By Dan Smith
Director of the Roanoke Regional Writers Conference
My old friend and colleague Darrell Laurant, the retired journalist-turned author-turned writing magnate, is starting a free service aimed at authors who are having difficulty getting exposure for their books. This is something Darrell is good at. He was the founder of the late Writers Bridge, which helped get writers of all stripes jobs in their craft.
Did I mention the new service is FREE?
He had to disband WB when he moved to New York after retiring as an award-winning metro columnist (25 years) for the Lynchburg News-Advance. He had previously founded the Sedalia Writers Conference in Bedford County (on which the Roanoke Regional Writers Conference is based) and was a regular teacher at RRWC for several years. He’s always been there for writers.
His new venture is “Snowflakes in a Blizzard” (here), a free service for authors, which “arose out of my experiences trying to market [his new novel] The Kudzu Kid,” he wrote me in an e-mail the other day.
Darrell goes on: “As you know, the game has changed. With more than 12 million books (one and a half times the population of New York City) on Amazon, it’s not about getting published any more — given the advances in technology, anyone who really wants to can do that. It’s now about getting noticed.
“Very quickly, I realized that there was absolutely no reason why someone would randomly pick my book up off a shelf, or click on its Amazon page. The vast majority of people in the world have no idea who I am, and our tendency is always to go with what we know when money is involved. I get that.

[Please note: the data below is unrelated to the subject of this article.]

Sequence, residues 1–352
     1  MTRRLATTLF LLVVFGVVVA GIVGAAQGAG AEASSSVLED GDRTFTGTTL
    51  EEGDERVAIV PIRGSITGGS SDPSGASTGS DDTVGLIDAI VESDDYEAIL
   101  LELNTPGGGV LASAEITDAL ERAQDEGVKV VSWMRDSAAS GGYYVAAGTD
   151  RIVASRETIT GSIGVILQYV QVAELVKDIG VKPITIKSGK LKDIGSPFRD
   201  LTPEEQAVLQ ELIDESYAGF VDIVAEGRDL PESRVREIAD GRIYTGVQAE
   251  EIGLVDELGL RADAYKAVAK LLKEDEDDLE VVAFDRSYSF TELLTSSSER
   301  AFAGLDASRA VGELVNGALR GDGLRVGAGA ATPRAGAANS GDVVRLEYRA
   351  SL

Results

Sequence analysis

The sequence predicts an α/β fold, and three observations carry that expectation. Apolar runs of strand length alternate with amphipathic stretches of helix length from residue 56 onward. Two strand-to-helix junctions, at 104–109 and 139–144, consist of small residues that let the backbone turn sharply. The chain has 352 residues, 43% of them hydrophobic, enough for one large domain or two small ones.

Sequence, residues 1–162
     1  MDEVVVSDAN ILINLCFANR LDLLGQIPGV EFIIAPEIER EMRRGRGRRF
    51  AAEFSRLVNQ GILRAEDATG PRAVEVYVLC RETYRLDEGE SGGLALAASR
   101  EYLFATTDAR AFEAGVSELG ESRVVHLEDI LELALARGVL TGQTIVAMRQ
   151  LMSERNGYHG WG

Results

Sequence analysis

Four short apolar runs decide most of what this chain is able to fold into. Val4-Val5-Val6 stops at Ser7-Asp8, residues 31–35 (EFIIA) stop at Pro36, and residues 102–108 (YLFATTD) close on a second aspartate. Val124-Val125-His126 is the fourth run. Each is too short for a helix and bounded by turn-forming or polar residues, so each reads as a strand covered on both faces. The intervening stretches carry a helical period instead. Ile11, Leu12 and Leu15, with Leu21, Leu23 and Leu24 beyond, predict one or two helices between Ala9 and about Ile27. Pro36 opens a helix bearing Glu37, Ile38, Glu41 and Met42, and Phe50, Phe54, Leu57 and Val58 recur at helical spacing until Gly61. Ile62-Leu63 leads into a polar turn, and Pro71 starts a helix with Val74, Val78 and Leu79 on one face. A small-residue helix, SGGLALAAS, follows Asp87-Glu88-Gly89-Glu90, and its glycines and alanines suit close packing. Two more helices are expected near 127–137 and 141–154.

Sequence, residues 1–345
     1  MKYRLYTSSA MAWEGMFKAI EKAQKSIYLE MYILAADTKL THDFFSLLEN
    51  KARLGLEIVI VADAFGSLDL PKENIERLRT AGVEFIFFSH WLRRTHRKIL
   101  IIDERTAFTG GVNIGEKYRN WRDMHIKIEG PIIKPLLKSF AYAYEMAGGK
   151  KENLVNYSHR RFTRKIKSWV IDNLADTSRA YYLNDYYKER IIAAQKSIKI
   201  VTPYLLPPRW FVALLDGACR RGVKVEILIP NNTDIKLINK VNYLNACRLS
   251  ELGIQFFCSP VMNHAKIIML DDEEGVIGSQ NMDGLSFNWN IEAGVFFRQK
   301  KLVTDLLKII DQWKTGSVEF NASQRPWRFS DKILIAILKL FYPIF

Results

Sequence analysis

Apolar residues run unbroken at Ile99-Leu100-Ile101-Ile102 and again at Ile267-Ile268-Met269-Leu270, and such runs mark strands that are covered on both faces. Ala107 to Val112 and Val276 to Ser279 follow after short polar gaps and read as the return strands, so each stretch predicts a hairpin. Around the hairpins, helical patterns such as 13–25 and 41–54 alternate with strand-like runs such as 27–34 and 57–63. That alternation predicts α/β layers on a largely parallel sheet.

“A fact that a lot of writers seem to miss (or ignore) is this: Everybody isn’t going to like, or be interested in, their books. .. Trying to market to everybody is a waste of time and a recipe for frustration. … The blog will run twice a week, on Tuesdays and Fridays, I’ll take a single book — I accept both fiction and non-fiction — lift it out of the blizzard of books surrounding it, and give the author some ‘alone’ time with visitors to the blog.
The template we use is extensive, the idea being to allow the authors a chance to convey the background behind the book and about themselves. I send press releases to all the print media in the authors’ area about two weeks out, and e-mail a preview blurb to the blog followers a couple of days before that book appears.”I screen these books, because our collective credibility depends on it. I’m also looking for work that is different — I wouldn’t automatically reject a vampire tale or romance novel or serial killer epic, but I’d want the approach to that subject to be unique. … Every author is asked to send e-mails to friends, relatives, fellow writers, etc., announcing that he or she will be featured, and so each person will theoretically draw a different audience.
“Once we get up to 1,000 or followers, which I truly believe will happen quickly, media outlets will start printing those press releases instead of deleting them. Moreover, I can ask an indy bookstore in that author’s area to carry copies of that book, on consignment, for a month after the author is featured. In return for giving that book something of a prominent place in the store, I will run a brief article about that bookstore on the blog.”
Darrell believes word will spread quickly: “Getting what I call ‘micro-publicity’ for books is good for writers, bookstores and publishers — even Amazon. Meanwhile, other publicists can use it as just another arrow in their quiver.”
If you have a book out there, it’s probably struggling from a sales standpoint, because almost all do. Maybe Darrell can help.